Gray Is The New White

The redesign is complete, and sub-pages are slowly being converted. A temporary measure (and perhaps a waste of time), converting these pages. This is because, at long last, Hivelogic and Automatic Labs will both be powered by a CMS, eliminating the need for manually modifying or editing pages.

With this redesign, you wanted to recapture the feeling of the older Hivelogic, the one you and everybody else liked, while creating an updated look that couldn’t be more different from the original design. Instead, you wound up with this, the current design, which was the only thing you came up with that didn’t make you physically ill when staring at it.

Design Notes

Valid XHTML/CSS. Rotating header image (reload often, more than 20 images in the hopper). No repeating background images (a solid and creative technique, but not needed here). Left-hand sidebar with a float:left and a fixed width. Right-hand content-area with a left-hand margin to push it into place. No padding. No IE hacks.

The Problem

You wanted pure CSS without a background image. You wanted it so that, should either the sidebar or the content-area grow longer than its counterpart, the border between them would continue for the full length of the page, regardless of which column was longer.

In other words, if the sidebar had a lot of content in it, it would wind up longer than the main content-area, but if the border was attached to the content-content area, it would stop where the content-area stopped and you’d wind up with a naked sidebar. And vice-versa.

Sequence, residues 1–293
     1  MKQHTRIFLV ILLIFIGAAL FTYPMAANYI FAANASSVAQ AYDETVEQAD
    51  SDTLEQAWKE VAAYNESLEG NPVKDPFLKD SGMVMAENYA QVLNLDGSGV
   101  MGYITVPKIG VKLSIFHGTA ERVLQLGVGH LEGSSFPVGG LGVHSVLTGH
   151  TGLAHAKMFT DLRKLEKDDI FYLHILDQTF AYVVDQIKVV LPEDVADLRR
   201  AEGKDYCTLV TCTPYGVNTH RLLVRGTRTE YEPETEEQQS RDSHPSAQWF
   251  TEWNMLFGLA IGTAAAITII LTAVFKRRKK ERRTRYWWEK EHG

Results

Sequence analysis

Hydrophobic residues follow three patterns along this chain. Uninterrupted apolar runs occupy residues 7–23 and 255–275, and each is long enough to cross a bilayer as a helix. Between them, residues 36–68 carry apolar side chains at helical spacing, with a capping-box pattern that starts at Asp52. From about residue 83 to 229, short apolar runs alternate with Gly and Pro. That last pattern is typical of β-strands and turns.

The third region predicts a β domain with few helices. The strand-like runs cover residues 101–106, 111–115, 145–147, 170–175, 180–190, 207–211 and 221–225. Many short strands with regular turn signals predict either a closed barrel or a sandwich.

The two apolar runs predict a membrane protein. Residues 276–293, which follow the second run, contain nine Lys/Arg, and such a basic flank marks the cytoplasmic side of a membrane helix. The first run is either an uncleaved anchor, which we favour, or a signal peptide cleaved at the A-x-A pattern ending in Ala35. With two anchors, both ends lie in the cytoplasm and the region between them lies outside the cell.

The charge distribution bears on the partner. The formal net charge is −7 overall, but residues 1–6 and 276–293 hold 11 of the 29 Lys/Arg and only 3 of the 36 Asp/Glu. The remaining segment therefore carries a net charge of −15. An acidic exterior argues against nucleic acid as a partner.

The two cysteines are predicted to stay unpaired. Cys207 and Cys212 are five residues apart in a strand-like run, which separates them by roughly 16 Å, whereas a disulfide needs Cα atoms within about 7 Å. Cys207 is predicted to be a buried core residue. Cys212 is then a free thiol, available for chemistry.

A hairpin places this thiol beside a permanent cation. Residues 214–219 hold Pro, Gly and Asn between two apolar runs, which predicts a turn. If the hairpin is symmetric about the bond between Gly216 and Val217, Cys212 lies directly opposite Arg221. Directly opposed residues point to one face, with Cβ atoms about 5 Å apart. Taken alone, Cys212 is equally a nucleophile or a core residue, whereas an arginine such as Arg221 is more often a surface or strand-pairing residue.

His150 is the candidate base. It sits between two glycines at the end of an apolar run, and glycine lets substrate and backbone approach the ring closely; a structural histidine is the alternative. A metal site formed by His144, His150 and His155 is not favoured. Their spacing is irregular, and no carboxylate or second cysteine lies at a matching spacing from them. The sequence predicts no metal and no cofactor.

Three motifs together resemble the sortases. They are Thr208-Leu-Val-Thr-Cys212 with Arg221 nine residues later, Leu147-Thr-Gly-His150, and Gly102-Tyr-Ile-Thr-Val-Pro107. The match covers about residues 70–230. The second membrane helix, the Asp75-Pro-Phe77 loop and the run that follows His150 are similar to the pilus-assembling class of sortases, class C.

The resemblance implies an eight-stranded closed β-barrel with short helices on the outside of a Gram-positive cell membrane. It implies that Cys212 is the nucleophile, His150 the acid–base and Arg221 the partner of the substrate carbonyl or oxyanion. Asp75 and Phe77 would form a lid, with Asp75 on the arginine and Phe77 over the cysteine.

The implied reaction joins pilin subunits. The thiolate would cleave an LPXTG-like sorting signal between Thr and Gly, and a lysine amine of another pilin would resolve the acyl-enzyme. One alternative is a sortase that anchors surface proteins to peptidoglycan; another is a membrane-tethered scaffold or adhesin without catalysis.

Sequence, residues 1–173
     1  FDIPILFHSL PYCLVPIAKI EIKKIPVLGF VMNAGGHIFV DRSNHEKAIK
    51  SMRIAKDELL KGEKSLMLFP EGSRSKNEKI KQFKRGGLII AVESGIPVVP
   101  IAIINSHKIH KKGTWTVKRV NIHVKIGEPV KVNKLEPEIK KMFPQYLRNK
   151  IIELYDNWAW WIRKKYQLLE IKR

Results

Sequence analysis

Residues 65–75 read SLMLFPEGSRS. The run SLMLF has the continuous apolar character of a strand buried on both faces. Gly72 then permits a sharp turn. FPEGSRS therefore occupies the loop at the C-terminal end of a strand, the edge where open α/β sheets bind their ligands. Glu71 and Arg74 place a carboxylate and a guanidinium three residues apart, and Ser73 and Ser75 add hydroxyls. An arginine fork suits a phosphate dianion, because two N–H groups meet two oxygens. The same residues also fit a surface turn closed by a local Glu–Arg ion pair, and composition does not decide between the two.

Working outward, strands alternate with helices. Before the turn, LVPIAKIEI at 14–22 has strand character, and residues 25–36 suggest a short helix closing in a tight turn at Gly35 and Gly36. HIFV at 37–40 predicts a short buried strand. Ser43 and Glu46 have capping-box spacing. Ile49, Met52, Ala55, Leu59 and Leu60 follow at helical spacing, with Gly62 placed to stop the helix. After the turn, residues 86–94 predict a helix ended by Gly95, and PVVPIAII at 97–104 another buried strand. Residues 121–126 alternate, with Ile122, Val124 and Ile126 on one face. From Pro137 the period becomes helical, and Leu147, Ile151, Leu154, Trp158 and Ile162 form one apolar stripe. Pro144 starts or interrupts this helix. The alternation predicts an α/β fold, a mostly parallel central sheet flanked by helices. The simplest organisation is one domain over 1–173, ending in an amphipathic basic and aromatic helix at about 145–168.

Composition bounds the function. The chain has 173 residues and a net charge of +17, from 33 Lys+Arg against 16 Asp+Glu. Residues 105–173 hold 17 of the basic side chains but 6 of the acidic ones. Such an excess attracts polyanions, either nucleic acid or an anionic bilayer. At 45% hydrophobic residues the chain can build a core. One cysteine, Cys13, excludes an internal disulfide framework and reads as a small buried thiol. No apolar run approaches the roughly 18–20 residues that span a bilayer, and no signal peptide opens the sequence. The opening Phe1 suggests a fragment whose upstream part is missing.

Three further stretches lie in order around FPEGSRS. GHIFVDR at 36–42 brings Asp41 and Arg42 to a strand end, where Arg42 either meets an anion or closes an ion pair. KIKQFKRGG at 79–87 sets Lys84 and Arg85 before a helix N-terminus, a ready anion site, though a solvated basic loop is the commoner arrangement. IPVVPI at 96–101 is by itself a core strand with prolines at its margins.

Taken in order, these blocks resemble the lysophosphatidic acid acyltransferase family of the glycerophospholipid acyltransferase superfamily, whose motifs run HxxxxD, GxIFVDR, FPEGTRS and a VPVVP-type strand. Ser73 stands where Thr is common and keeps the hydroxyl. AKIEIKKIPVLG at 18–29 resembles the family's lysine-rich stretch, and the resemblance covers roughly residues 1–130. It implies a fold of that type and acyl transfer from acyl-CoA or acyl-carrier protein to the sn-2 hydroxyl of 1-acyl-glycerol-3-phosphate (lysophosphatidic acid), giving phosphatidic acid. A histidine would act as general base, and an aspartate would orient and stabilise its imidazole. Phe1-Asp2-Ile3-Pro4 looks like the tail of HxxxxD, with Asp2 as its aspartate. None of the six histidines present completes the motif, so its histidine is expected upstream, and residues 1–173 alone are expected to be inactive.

The (Simple) Solution

Put a border on the right side of the sidebar and the left side of the content-area and overlap them.

As long as you run a border around the outer-most div and draw borders on the left- and right-hand sides of the inner div elements, the setup would be complete. Because you’re not using padding, multiple floats, or other hackery, just simple CSS, the page holds up across most browsers … even IE 5 Mac.

Many people would have used a repeating background to solve this problem, creating a central column that continues from the top of the page to the bottom. A valid and very popular solution. But this design called for a floating box with content inside, and you wanted to see if you could do it. The solution turned out to be quite easy to implement.


A redesign is a hard thing to do. Visitors want consistency, reliability. They want a feeling of familiarity, and they want to like what they see. The rest of their life seems be in constant flux. Why can’t things, when they’re good, just stay the same?

Reality says that things just change sometimes even though you don’t know why.

So do websites.

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